Gary Deering – October 6, 2017
I think we all hope for a relatively similar progression to our lives. We hope that the tough decisions and hard work pay off, and that after making the usual payments on assets, housing, vehicles, insurance, and education for our children, we hopefully will have enough time to save and pay for us to die!
The death tax has been in the news a lot lately and has been accused of being a tax that only the rich have to worry about. The problem with giving this tax the title of the “Robin Hood” of taxes is it forgets to take into account the backbone of America, the ones that raise the food. I am very concerned, today after reading the comments of South Dakota Senator Mike Rounds announcing his opposition to the Republican Party’s long time goal of repealing the death tax.
Ironically, his statements are much different than they were just a few months ago, as reported by the Huron Plainsmen, when he commented on repealing the death tax, “That would be a positive move forward for them (farmers and ranchers). Often because their assets aren’t liquid, they are forced to borrow money, or sell land to pay the federal estate tax,” he said.
I’m not sure what caused Senator Rounds to do a complete turnaround in the last couple of months but I feel the family farmers and ranchers of South Dakota deserve an explanation. It’s hard to believe a Senator from South Dakota would be quoted as saying the death tax repeal is unnecessary when it will at some point affect one-third of the farmers and ranchers in the state that he represents.
Farmers and ranchers are asset rich, and cash poor making it very difficult to hire people to help find loopholes that many are accusing the beneficiaries of the death tax of doing. Many times estates rise to the level of being taxed before producers and estates have time to adjust, as many farms in South Dakota experienced when land values rose over 20 percent from 2013-2014. There are various ways of helping your estate get around the burden of the death tax, but unfortunately planning, paying, caring for and being taxed on assets which you have saved for takes up as much time as worrying about passing your legacy on.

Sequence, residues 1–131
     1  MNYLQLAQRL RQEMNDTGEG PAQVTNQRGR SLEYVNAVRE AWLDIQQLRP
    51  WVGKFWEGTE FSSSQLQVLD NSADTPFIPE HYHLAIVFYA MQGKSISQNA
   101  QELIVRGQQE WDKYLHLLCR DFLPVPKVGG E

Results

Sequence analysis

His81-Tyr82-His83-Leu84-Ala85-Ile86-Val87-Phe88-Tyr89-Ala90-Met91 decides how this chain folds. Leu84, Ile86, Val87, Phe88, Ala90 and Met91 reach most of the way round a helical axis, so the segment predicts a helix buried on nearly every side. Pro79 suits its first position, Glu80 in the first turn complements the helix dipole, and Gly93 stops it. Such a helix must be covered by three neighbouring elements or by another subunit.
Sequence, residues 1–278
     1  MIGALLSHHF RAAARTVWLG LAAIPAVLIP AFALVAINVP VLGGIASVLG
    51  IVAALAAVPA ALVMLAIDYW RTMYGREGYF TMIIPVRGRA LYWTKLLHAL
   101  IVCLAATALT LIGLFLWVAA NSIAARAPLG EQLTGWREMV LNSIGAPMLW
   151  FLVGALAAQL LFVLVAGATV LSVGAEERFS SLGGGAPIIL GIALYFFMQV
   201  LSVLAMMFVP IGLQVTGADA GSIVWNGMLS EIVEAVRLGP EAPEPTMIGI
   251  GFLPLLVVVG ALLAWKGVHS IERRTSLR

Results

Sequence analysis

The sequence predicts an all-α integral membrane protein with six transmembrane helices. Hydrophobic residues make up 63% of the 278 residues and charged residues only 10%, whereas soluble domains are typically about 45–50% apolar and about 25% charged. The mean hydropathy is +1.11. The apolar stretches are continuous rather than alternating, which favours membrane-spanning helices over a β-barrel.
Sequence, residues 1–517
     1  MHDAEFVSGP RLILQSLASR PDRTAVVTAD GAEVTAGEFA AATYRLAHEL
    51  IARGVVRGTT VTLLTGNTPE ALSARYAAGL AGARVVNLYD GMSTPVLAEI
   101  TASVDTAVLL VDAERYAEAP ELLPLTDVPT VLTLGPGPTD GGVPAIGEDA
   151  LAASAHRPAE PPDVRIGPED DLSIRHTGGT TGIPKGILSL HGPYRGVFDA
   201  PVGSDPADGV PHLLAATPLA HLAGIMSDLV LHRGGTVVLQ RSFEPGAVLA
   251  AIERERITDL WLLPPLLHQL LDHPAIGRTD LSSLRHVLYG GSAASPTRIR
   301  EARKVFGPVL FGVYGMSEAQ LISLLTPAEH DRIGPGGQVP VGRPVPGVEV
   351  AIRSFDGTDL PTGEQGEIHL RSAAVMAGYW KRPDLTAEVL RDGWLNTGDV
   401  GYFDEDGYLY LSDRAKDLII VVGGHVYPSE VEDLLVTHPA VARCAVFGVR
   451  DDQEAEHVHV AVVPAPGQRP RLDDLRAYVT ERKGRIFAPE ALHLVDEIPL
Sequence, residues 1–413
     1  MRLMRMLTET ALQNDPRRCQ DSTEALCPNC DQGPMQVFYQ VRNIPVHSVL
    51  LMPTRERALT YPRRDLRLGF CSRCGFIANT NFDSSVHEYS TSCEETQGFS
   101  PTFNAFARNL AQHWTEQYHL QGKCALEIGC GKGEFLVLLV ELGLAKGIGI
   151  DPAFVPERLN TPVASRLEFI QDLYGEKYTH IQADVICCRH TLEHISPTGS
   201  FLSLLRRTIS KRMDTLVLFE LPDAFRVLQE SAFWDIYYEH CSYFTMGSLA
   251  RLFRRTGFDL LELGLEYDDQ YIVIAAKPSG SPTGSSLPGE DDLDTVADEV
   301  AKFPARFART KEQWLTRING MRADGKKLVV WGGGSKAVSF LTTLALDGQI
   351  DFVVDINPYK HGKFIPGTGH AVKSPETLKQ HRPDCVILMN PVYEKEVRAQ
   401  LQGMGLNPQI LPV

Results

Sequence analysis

The death tax puts family farming operations at a disadvantage to the major corporate counterparts, therefore it seems hypocritical to me that anyone can be pro family farming and for the death tax.
This is an issue I have been watching closely as I come to an age of taking over the assets and management of my family’s ranch. I’m working together with my parents, for the better part of two years, on estate planning for our ranch. But, I also recently turned 40 and as I look to my children I realize that in the not too distant future we will be planning my estate.
Farmers and ranchers will agree with the Senator that there are a number of items within the tax reform bill that we need to focus on, like interest deductions, 1031 exchanges, and more, but we do not feel that death tax should be used in playing Russian roulette!
We have been grateful for the continued support from Senator John Thune and Congresswoman Kristi Noem on repealing the estate tax for our farms and ranches. I hope Senator Rounds can take the time and visit with Congresswomen Noem, and get her to explain why the death tax matter to South Dakota, as she has dealt first hand with how devastating this tax can be after a farm accident took her father.